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opinion

Rizwan Khalfan is Chief Digital and Payments Officer for TD Bank Group

Digital innovation is changing every industry, including financial services, and the main beneficiaries are Canadians: faster transactions, on-the-go access, more tailored products and a host of new capabilities are delivering a new level of convenience and choice unparalleled in history.

As a country, and as an industry, we must address these changes and continue to respond to our customers’ desire for more capability. However, as we strive to meet the increasing demands of Canadians, we must do so without introducing new risks – from cybersecurity to privacy – that could undermine their trust in the system.

As we explore a Canadian approach to open banking – the sharing of personal financial transaction data between organizations – we must move with both purpose and care. Canada is consistently seen as a global leader in financial services, most prominently during the financial crisis of 2008, when Canadian banks were a positive outlier. Leadership from the industry and a principles-based regulatory system shielded Canada and Canadians.

Now, as we look to forge a responsible path toward open banking, we don’t need to look beyond our own border to learn how to build, adopt and safely maintain innovative technologies.

To inform our thinking, we have the benefit of observing other jurisdictions’ open banking implementations and learning from their successes and challenges. There is a lot to learn – from government-led initiatives in the EU to market-led efforts in the United States.

In recent weeks, some have pointed to Britain as a model for Canada to follow. However, a reliance on the British experiment overlooks fundamental differences in our banking systems and regulatory regimes, which make a British-style approach both impractical and fraught with unnecessary complexity. In fact, authorities and industry players there are already looking at ways to reshape and redirect their approach to deliver better outcomes.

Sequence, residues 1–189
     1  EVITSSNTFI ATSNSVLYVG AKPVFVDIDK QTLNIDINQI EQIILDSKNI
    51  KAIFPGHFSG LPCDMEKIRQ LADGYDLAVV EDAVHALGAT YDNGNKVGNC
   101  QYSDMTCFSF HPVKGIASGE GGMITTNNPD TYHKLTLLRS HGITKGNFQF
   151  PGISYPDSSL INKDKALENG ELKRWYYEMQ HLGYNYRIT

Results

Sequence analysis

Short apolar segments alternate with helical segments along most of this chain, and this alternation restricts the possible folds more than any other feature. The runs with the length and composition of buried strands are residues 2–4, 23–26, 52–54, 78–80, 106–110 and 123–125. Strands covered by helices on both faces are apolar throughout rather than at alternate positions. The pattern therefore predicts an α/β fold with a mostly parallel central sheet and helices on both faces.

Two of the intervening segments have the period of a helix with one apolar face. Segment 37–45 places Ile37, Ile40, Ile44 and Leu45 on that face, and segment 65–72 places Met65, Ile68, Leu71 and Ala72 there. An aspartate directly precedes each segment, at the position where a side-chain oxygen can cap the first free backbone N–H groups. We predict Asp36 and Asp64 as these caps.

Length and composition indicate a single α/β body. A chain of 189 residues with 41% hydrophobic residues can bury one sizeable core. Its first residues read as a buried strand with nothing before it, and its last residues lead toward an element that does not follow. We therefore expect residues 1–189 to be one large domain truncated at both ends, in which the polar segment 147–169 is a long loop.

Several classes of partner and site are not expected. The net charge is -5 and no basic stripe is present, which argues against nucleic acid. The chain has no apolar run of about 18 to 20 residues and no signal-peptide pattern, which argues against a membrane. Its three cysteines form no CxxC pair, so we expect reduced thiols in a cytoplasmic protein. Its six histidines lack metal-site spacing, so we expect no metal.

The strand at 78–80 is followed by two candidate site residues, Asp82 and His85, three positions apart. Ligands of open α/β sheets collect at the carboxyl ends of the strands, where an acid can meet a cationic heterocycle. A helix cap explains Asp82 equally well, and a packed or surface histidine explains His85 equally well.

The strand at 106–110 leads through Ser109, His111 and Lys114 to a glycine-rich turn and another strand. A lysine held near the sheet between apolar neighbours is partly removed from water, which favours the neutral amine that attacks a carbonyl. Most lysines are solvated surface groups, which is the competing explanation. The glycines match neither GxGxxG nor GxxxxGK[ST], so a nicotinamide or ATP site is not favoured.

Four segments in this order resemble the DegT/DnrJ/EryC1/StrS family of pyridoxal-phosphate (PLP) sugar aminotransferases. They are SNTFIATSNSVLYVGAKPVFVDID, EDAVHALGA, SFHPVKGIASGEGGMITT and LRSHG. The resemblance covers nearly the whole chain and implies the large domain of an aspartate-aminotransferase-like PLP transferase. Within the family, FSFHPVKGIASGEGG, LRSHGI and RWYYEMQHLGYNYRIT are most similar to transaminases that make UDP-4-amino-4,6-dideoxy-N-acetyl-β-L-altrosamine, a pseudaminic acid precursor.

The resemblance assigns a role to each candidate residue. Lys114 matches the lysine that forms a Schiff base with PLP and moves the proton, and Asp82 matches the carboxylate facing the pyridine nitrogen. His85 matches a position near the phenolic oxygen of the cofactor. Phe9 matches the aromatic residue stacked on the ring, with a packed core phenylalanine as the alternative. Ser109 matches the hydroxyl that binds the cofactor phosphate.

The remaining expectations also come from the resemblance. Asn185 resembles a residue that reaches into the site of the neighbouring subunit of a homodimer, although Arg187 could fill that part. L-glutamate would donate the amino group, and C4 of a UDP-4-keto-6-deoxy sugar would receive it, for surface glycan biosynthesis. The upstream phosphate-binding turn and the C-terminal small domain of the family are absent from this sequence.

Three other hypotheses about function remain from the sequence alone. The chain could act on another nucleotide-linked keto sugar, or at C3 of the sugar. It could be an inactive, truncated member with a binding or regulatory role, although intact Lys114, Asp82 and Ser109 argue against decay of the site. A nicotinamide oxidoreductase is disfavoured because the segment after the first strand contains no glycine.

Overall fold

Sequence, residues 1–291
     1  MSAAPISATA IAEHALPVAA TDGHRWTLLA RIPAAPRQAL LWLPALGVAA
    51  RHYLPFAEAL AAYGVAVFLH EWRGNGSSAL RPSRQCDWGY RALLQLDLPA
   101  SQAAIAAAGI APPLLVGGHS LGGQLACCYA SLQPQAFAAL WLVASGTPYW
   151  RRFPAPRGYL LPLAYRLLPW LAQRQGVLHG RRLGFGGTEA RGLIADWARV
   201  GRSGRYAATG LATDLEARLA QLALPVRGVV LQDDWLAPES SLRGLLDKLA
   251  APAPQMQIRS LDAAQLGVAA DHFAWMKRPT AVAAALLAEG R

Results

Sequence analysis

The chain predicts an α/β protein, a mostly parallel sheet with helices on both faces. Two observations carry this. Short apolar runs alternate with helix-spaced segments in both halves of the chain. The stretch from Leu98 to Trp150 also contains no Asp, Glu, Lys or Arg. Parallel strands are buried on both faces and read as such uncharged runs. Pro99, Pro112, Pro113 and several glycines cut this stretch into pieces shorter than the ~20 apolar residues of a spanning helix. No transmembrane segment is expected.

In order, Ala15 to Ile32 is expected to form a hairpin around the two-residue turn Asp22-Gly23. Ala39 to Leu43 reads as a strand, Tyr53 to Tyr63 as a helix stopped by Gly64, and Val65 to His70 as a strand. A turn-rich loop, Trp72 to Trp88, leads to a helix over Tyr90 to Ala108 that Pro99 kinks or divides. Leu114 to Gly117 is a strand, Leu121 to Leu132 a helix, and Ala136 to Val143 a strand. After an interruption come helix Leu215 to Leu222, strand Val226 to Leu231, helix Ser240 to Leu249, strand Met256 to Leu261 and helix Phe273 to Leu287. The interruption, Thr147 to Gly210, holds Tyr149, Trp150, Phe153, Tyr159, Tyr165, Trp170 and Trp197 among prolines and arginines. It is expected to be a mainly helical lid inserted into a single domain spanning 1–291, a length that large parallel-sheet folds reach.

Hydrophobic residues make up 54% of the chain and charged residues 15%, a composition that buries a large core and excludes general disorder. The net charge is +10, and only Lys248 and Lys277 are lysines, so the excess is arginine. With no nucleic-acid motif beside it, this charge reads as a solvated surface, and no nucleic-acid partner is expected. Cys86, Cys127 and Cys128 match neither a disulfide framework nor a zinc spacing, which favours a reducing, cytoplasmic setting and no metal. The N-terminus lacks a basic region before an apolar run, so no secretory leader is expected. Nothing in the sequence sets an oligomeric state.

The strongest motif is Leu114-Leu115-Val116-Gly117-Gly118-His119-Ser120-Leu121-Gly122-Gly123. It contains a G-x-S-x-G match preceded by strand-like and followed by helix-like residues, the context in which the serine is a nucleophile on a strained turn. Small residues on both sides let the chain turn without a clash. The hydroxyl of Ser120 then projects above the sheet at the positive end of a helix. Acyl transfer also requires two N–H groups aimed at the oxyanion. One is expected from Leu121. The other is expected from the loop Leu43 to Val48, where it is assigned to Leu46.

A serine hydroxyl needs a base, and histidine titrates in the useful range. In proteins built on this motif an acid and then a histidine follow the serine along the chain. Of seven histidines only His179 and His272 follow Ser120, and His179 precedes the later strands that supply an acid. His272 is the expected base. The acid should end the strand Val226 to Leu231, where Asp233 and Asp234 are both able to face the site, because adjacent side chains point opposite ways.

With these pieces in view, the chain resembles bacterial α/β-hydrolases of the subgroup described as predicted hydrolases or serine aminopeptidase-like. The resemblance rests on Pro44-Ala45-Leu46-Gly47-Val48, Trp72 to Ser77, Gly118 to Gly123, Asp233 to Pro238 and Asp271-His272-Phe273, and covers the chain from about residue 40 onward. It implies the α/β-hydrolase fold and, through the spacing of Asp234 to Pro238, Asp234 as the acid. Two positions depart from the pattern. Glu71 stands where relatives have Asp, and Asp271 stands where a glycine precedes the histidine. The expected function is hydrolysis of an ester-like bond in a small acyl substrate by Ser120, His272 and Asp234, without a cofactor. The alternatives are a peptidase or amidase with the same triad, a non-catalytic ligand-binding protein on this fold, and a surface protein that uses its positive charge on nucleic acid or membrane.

For example, while enormous investments of time and energy have been made over the past year, a recent report from Splendid Unlimited, a company that helps retailers and banks design and build digital platforms, suggests that only 22 per cent of people in Britain have even heard of open banking, significantly curtailing adoption and the realization of its promised benefits. We have an opportunity to do better.

We believe Canada would be best served by an industry-led approach, one that will deliver faster results and best fit the country’s regulatory framework and its unique financial-industry structure.

To build a new future that continues to benefit consumers, and in which Canada maintains the global competitive advantage of our financial system, broad collaboration is critical. Players from the public and private sectors, technology experts who can innovate at scale and financial institutions that understand the complexity of our industry must work together to build a made-in-Canada solution.

Consumer confidence in our financial-services system must be at the centre of our strategy, data privacy a hallmark of what we build, with advanced cybersecurity practices embedded in every step we take.

For example, a Canadian approach must empower customers to grant and, just as importantly, to revoke access to third-party providers in a transparent, safe and secure manner. To achieve this, the industry must adopt common technical and security standards and agree on common practices that explicitly protect customer data and how it is used.

Financial institutions and third-party providers participating in the ecosystem must commit to protecting customer privacy by adopting security and transparency in transmitting and managing data. Canadians must be informed of what financial transaction data is being shared, with whom and for what purpose.

Finally, public education and clear and transparent communication will be critical to truly empower consumers to make informed choices and that is a collective responsibility across the industry. Engaging the public on open banking and educating people on security will be key to maintaining consumer trust.

As we strive to capture the next big opportunities of the digital era, we need to push for progress and accelerate innovation while maintaining the trust in, and stability of, our system. We need broad collaboration across the industry. And we must ensure an informed public is armed to make the right decisions. Canadians deserve nothing less.